The nation’s frontline medical workers were running on fumes even before the arrival of Omicron. They have been exhausted and numb from successive waves of illness and death that have hit them over the past two decades. Nearly one fifth have left the medical profession in the last two years. And they are angry — at the patients who refuse to get vaccinated, at the hospital executives who won’t spend the money needed to maintain safe nurse-to-patient ratios, and at the political leaders who call them “health care heroes” while opposing mask and vaccine mandates that might blunt the tsunami of new infections.
The labor shortage has been particularly devastating for small, non-profit safety net hospitals like Singing River that provide care to millions of Americans. They were already financially fragile before the pandemic and have not been able to pay the high salaries offered by large health systems and travel nurse agencies. This has further accelerated the personnel drain that threatens the ability to provide quality healthcare. Travel nurses can earn more that $200 an hour than the $30 earned by Mississippi staff nurses.
“A lot of community hospitals are wondering how they’re going to keep the lights on,” Tim Moore, president of the Mississippi Hospital Association, said.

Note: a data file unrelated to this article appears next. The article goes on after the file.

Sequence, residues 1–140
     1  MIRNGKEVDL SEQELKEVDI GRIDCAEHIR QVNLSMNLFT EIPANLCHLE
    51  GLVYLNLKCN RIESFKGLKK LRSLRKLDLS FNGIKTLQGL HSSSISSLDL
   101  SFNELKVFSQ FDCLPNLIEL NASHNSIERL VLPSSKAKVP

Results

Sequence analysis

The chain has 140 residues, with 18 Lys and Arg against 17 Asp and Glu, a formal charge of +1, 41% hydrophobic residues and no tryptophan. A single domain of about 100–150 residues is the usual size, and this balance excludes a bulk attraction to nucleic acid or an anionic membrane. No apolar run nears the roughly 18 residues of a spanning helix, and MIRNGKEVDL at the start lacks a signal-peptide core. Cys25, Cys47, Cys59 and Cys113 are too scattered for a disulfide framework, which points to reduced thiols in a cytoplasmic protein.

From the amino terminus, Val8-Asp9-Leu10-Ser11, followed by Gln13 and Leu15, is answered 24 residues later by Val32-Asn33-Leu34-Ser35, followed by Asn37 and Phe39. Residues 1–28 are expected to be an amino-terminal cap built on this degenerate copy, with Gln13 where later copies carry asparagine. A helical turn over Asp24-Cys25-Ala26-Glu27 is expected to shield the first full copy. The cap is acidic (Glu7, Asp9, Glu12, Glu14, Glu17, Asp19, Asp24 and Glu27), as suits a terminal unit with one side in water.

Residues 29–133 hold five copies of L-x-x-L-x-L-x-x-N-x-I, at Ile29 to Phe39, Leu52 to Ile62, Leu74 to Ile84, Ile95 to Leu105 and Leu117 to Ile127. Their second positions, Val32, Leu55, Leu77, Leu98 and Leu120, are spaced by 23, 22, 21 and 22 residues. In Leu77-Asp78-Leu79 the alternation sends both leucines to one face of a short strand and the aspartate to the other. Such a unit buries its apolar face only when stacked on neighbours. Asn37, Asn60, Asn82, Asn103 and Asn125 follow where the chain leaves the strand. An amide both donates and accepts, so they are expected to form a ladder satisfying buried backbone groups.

The unwillingness of Mississippi and other states in the south to accept Medicaid expansion has further exacerbated the financial strain. According to the state economist for Mississippi, this would result in an additional $600million in federal aid each year and 11,000 new jobs each, most of which would be in health care.
Gov. Tate Reeves and other Republican leaders who dominate the state’s government have also resisted calls to devote a significant portion of federal coronavirus relief aid for bonuses that could help stanch health care worker departures.
Kelly Cumbest (45), a registered nursing nurse who manages patient care at the E.R., stated that he had received one application in recent months for 24 positions in his department. “It’s not just Omicron that worries us,” he said. “What scares us is that we don’t have people to take care of heart attacks, strokes and car accidents, and that’s something the politicians and general public really don’t understand.”